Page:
A lot of discussion has taken place recently about the merits of “trigger warnings” in academic environments. We can see that students, professors and administrators are all now part of an important conversation which deals with trauma and its role in the classroom. Some are fans of trigger warnings. Others, like President Elizabeth Garrett (to reporters at the Cornell Club), say that “there shouldn’t be any limits on the substance of freedom of speech at a university.”
And on a tangential note, any casual observer of the Cornellian social media scene will also see that a related division of opinions has happened on the oh-so-exciting “Overheard” group. The typical incident usually goes like this: A makes a joke in poor taste. B and C tell A why that joke is wrong and why A should not have said it. A, D and E defend A, saying B and C are too sensitive and, hey, aren’t we in America where A can say whatever A wants and wouldn’t you just say that everyone’s triggered by everything these days? The conversation inevitably turns to Hitler, and it eventually ends with the hand of God blocking out the sun and the seventh seal being opened.
Jokes aside, it’s obvious how these concerns about humor and trauma relate to one another. It’s also pretty apparent, to me at least, how improperly we mobilize the rhetoric of free speech and censorship to defend a lack of attention to trauma and power in the works of art taught in the classroom, or to the jokes we make — an art themselves — amongst one another everyday.
A trigger warning in this context functions as an alert. It lets a student or participant know that the class will deal with content potentially related to traumatic personal experiences. That way, if the student realizes that they have not prepared themselves mentally or emotionally for encounters with the remnant memories of their trauma, they might find some way to deal with this dilemma on their own terms, as opposed to any unexpected interactions with material that could recall past pains or sufferings.
We have responsibilities as students to question what we hear, even when it’s coming from students themselves. To do so, we have to divorce the trigger warning — as well as the criticisms of offensive or irreverent humor — from Orwellian laments about the First Amendment and liberal society. In terms of art, trigger warnings deal with a single person’s experience of a work of art which tries to grapple with trauma. Censorship, on the other hand, does not concern trauma. It is about art and ideology. Specifically it is about whether or not a work of art aligns with the opinions of those in power.
On August 17 2012, because of their performance of the song “Prayer: Mother of God Drive Putin Away” at a Moscow Cathedral, three members of the punk group Pussy Riot were convicted of “hooliganism motivated by religious hatred,” condemned by the Patriarch of the Orthodox Church and sentenced to time in a Russian penal colony.
On August 25 2015, Ukrainian filmmaker Oleg Sentsov was sentenced to 20 years in prison, after a trial which was, according to one observer, “redolent of Stalinist-era show trials of dissidents.” He was accused of planning terrorism.
These two events are instances of censorship. They are not someone policing jokes about spelling, or someone asking that we try to not make light of the dangers which have become so common in the lives of so many people. They are meant to punish and silence expressions of an aberrant ideology which the current political regime has deemed subversive or undesirable. If we want to look at that good ol’ Enlightenment-era notion of Truth that these “free-speech” advocates seem to adore so much, we have a problem here, right? We have the people in power neutering the dialogue and forbidding distasteful ideas with the threat of imprisonment, possibly for life. This is definitely a reprehensible thing to do, especially so when the consequences are that dire. Suppression of political dissent — simply because you don’t like what you’re hearing — turns into a genuine life-or-death issue in these circumstances. It goes beyond whether or not someone has the freedom to speak their mind or express themselves. It becomes a problem of how political powers can decide their own truth and maintain its sanctity. Essentially, it is an effort from those in power to safeguard the integrity of their ideas. In politics, that is often a matter of life or death.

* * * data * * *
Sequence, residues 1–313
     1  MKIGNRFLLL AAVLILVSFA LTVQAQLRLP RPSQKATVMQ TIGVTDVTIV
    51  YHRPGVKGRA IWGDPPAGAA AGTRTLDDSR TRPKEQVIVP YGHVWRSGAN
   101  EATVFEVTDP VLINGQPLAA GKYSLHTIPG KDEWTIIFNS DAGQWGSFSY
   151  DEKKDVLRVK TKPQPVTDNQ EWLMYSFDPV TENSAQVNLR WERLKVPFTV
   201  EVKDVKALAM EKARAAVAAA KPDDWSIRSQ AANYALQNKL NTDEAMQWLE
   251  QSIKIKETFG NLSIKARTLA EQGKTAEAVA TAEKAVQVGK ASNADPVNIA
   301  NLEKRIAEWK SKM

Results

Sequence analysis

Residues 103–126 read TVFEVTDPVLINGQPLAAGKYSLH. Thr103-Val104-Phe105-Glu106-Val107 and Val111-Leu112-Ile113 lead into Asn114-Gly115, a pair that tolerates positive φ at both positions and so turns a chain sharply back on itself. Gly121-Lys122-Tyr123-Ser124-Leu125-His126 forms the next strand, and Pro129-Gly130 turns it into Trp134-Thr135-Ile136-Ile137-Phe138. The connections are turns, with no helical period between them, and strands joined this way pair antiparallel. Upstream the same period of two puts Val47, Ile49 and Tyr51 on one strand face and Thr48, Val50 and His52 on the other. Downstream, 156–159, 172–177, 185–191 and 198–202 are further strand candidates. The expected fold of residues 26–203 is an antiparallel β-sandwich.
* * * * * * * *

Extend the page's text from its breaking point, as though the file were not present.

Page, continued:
To compare this action and its manifestations to that of the “trigger warning” is to have a gross misunderstanding of both. Student victims of trauma are not throwing their professors in prison for twenty years. They are not asking other students to stop making jokes about sexual assault because those jokes are politically rebellious or ideologically subversive. They are not blacklisting them or making them the subject of religious condemnations.
A trigger warning is not an issue of truth. It is an issue of respect and maturity. There are students in every university who know very well what the “real world” is like. Every day they quietly keep to themselves the cruelty and pain this world has shown them. I recommend that universities stop making it seem like these people serve a kind of liberal, anti-American regime. In a way, they are saying that students may make whatever demands they want. The university simply does not care about our own personal relationships with academics and arts. The politically and emotionally vital connection between a college-educated individual and ideas — something the Truth-loving university is supposed to cultivate in all of its students — is in big trouble.
Everyone, not just the lamenting administrators, will have a larger problem to deal with then, when we stop caring about what the truth means to every person and only care about what a single definition of the truth entails.